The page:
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From "Matt Massie (JIRA)" <j...@apache.org>
Subject [jira] Commented: (AVRO-341) specify avro transport in spec
Date Tue, 09 Feb 2010 00:11:28 GMT

    [ https://issues.apache.org/jira/browse/AVRO-341?page=com.atlassian.jira.plugin.system.issuetabpanels:comment-tabpanel&focusedCommentId=12831204#action_12831204

Matt Massie commented on AVRO-341:

I support the idea of having an Avro RPC specification that is written as much as possible
(completely?) in Avro schema.  This isn't just good design, it also prevents duplicating work.
I agree with Phil that we *don't* want...

bq. Instead of saying "and then there shall be a long, encoded like so, and then it shall
by follows by that many bytes",...

There are many good examples of RPC/serialization programs that describe RPC using IDLs. 
For example, the Internet Communications Engine (http://www.zeroc.com/doc/Ice-3.3.1/manual/Protocol.39.3.html)
describes their RPC protocol using ICE (their IDL).  SunRPC uses XDR to completely describe
RPC (http://www.faqs.org/rfcs/rfc1050.html).  There's even an RFC protocol script that pulls
all the XDR definitions from an RFC and writes them into a single protocol (.x) file to be
run using {{rpcgen}}.  1970s tech FTW!

Here is a straw man to make it a little clearer what I'm proposing here.

{"type": "record",
 "name": "rpc_message",
 "fields": [
    {"name": "xid", "type": "long"},
    {"name": "auth", "type": "bytes"},
    {"name": "body", [

       {"type": "record",
        "name": "rpc_call_message",
        "fields": [
          {"name": "rpcvers", "type": "long"},
          {"name": "service", "type": "long"},
          {"name": "version", "type": "long"},
          {"name": "method", "type": "long"},

       {"type": "record",
        "name": "rpc_response_success",
        "fields": [
          {"name": "results", "type": "bytes"}]},

       {"type": "record",
        "name": "rpc_version_mismatch",
        "field": [
          {"name": "low_version", "type": "long"},
          {"name": "high_version", "type": "long"}]},

       {"type": "record",
        "name": "rpc_service_unavailable",
        "field": [
          {"name": "reason", "type": "bytes"}]},

       {"type": "record",
        "name": "rpc_call_version_mismatch",
        "fields": [
          {"name": "low_version", "type": "long"},
          {"name": "high_version", "type": "long"}]},

       {"type": "record",
        "name": "rpc_auth_error",
        "field": [
          {"name": "reason", "type": "bytes"}]} ]}

This example is really just RFC 1050 wrapped up in Avro schema.  This schema isn't complete
but it's *explicit*.  For example, it says that an {{rpc_response_success}} message is nothing
but a bunch of bytes.  That's okay.  We can drill into the details of those opaque bytes in
a separate response schema definition.  This layering will give us flexibility in the future
and make it easier to break RPC into components.  For example, in this case, we could easily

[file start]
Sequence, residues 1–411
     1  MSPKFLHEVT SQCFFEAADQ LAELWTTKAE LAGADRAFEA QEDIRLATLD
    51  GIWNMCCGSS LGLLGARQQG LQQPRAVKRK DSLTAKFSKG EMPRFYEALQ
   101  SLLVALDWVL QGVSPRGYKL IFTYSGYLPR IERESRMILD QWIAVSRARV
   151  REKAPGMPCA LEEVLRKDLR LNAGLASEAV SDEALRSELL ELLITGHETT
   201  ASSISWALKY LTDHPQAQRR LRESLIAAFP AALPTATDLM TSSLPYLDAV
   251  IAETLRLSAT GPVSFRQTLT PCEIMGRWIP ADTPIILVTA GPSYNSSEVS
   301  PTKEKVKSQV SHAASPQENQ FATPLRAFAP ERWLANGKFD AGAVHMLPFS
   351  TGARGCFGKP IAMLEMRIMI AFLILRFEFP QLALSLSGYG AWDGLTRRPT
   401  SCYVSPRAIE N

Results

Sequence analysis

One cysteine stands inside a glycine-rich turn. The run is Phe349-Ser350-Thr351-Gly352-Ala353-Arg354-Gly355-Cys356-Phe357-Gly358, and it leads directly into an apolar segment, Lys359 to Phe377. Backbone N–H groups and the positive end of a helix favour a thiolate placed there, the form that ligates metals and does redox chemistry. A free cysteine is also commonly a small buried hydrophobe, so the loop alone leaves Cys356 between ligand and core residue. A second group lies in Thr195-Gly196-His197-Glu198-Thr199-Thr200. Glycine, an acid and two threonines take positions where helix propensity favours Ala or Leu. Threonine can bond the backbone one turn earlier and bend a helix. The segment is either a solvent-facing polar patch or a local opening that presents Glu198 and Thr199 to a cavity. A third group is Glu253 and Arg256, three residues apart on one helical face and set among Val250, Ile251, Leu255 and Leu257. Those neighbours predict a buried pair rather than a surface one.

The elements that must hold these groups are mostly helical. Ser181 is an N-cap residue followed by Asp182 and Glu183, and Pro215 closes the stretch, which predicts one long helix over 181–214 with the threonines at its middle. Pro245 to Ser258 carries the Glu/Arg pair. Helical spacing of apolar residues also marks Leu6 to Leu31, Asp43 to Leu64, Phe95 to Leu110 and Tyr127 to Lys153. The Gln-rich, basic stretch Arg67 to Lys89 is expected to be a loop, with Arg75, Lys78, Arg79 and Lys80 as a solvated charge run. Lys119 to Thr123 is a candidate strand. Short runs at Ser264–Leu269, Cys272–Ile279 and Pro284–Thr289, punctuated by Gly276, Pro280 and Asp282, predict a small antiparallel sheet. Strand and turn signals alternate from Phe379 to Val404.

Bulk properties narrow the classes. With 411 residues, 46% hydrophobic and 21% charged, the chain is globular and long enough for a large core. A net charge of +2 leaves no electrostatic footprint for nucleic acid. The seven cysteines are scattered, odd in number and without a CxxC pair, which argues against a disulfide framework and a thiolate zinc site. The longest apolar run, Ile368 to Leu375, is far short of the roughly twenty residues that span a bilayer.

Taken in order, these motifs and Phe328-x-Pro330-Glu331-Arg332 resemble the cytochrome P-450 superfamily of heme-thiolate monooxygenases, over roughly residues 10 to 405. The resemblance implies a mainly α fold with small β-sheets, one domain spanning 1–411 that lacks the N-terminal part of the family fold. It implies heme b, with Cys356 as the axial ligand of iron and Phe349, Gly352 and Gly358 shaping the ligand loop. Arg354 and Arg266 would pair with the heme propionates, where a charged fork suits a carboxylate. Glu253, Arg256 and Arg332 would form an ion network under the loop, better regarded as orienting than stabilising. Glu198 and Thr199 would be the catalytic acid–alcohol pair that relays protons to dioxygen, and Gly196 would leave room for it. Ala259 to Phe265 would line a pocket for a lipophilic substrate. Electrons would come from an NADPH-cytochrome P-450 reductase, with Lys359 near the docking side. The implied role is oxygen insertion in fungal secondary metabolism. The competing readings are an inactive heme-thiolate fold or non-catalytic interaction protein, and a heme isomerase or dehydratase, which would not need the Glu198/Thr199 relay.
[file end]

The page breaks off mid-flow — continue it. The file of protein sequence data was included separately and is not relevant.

create a base RPC proxy for clients that passes the response bytes "up" to a higher level
response processor.  The proxy only needs to know the base RPC schema and nothing more. 

This base is also very light.  You could {{CALL}} a remote method using as little as 6 bytes
sent over whatever transport you like e.g. UDP, TCP, SSL, TCP-over-DNS. Transports only deal
in *bytes* and could not care less about messages (although we may need to define record marking
like section 10 of RFC 1050).  

Btw, RPC is at the *session* level with the *presentation* to the *application* being Avro
serialization.  I agree that using the term Avro *transport* is confusing and makes me cry
elephant tears.

|| OSI Layer || Example ||
| Application | Avro Proxy Object |
| Presentation | Avro Binary Serialization |
| Session | Avro RPC state machine |
| Transport | TCP, UDP, etc |
| Network | IP |
| Data-link/Physical | Ethernet |

bq. DISCOVER: Asks the server for information about itself. 

It terms of vocabulary, I feel that *discovery* is more about finding all *machines* running
Avro services (like bonjour or Zeroconf).  The term *introspection* seems more appropriate

Aside from introspection, we also need a simple Avro "ping" service.  Using the base schema
above, we could have a convention that says

* All service numbers less than zero are reserved for Avro use (for discovery/introspection,
ping, etc)
* All service numbers greater than zero are for user-defined services.
* Service number zero is the ping service.

> specify avro transport in spec
> ------------------------------
>                 Key: AVRO-341
>                 URL: https://issues.apache.org/jira/browse/AVRO-341
>             Project: Avro
>          Issue Type: Improvement
>          Components: spec
>            Reporter: Doug Cutting
> We should develop a high-performance, secure, transport for Avro.  This should be named
with avro: uris.

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